Holly had more to add about the elusive (to me at least) Odar Lani:
I love Odar Lani. Almost every bit of info he really knew about was correct. But he was notorious for filling in the blanks when he didn’t know the answer, as he is a proud man who is the “expert” on everything Jaluit. His sister 3 years older and was an even better source of info since she had an “attitude” when I questioned her. A ship was bombed by the U.S. forces and set afire, and we wondered if it sank in the lagoon, [and] she say it put to sea thru the main channel while still on fire. . . BUT, I never questioned her about Bilimon’s age or any AE tales.
Bilimon’s place of birth has been generally held and reported to be Japan, but he spent most of his life in the Marshalls, where he was a respected and prosperous Majuro businessman for many years. Holly has a different take on Bilimon’s birth, and the death certificate he offers as evidence for a 13-year-old Bilimon seems to support him, listing his place of birth as “Marshalls Islands.”
“Bilimon was born in Jaluit I believe, not Japan,” Holly wrote in a March 3 email. “I don’t think he spent much time in Japan at all, and now wonder where he lived during the war years. I have a MUSTER ROLL somewhere of EVERY Japanese person sent home at the end of the war. I must find this and take a look. Also makes sense, born in Jaluit and stayed there . . . [though] his records may be available in Japan, as many other Marshallese born in the Marshalls from 1918/9 to 1942/44’ish have been located there.”
Bilimon’s father was Japanese, which may well have been the factor that allowed him access to the Japanese ship where he met Earhart and Noonan. “The fact that Bilimon was a half caste makes other issues, as I would presume this would preclude him from medical training, but may have allowed him medical training,” Holly wrote.
The clan of his mother may also be important. His father may have held some power. So this is hard to determine where he fit in. More research. This is where the age becomes important, as if 13, he would have still been in school, period. If 14 later that year, he may have been free to enroll in some medical training. But even at 16, or even 17, as a newbie AND a half caste, I am concerned he may have embellished himself into becoming an aid or medic or assistant or something working for the Japanese Navy. He may have not been such, or a mere medic in training. . . . Again, I do believe his story. I simply challenge the idea that a 13-16- year-old kid, from my understanding of Japanese culture at that moment in Jaluit, was involved in or with the IJN medical world. THIS IS WHAT I NEED TO PROVE TO help verify HIS story.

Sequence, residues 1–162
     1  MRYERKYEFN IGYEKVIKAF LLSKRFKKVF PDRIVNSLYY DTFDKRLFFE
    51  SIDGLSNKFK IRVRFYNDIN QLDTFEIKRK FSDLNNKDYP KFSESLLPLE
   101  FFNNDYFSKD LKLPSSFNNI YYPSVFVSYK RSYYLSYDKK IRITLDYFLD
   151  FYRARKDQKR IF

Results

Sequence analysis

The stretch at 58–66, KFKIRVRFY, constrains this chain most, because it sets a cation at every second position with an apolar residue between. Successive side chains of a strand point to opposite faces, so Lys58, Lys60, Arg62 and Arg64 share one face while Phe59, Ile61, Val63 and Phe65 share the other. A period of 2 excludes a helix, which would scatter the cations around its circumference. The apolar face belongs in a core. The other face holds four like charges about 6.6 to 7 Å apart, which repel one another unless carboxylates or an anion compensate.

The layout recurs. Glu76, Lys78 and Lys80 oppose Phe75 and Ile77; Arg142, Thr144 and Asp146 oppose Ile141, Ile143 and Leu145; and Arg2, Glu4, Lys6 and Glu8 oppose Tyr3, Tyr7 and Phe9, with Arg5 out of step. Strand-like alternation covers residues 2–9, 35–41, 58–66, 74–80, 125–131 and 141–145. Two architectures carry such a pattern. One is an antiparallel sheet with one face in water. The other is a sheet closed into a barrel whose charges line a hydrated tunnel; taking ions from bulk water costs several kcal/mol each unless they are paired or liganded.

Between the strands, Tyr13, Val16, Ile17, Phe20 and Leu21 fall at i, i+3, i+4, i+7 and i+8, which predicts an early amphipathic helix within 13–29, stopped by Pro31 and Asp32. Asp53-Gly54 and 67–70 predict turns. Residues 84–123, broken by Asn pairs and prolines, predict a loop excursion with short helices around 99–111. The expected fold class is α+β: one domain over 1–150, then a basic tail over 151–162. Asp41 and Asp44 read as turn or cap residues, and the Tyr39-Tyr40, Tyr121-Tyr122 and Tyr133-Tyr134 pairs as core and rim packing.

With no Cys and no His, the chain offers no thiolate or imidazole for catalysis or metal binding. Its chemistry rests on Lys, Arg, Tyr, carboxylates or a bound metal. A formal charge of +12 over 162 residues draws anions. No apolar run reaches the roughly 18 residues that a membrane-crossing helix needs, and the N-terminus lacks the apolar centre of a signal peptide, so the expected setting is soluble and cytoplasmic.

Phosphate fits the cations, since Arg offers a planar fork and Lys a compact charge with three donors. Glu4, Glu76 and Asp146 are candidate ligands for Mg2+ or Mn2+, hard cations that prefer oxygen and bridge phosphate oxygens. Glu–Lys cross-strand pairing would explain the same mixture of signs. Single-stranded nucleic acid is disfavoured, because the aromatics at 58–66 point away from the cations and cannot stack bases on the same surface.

Paul Amaron, a schoolteacher, confirmed his brother’s experience in a written statement and 1997 interview with Bill Prymak. “Bilimon told his brother that the American man was slightly injured, but the woman was neat, calm, with no injuries,” Prymak wrote. “Both were taken to Kwajalein and then to Saipan.”
Just before Bilimon died in 1996, he told his family to “be sure to tell Joe and Bill, and the rest who asked about Amelia that my story is true,” Paul told Prymak. And why does either Paul Amaron or Prymak cite Bilimon’s death date as 1996, in contrast to the Marshall Islands death certificate produced by Matt Holly, which lists it as Jan. 24, 1994 in two boxes? Was this simply an oversight by Prymak, or is the Marshalls death certificate deficient in its most important function?
So that’s where we stand at the moment — with a questionable birth date listed on Bilimon Amaron’s death certificate, and with Paul Amaron’s reported statement to Bill Prymak, Bilimon’s date of death can be justifiably questioned as well.
Giff Johnson, Marshall Islands Journal editor, has not responded to my email asking if Bilimon’s obituary was published by his paper and available it its archives. An online search of the Marshall Islands Journal archives failed to produce anything.
For much more on Bilimon’s account, see pages 144-149 in Truth at Last, or do a search on his name on this blog.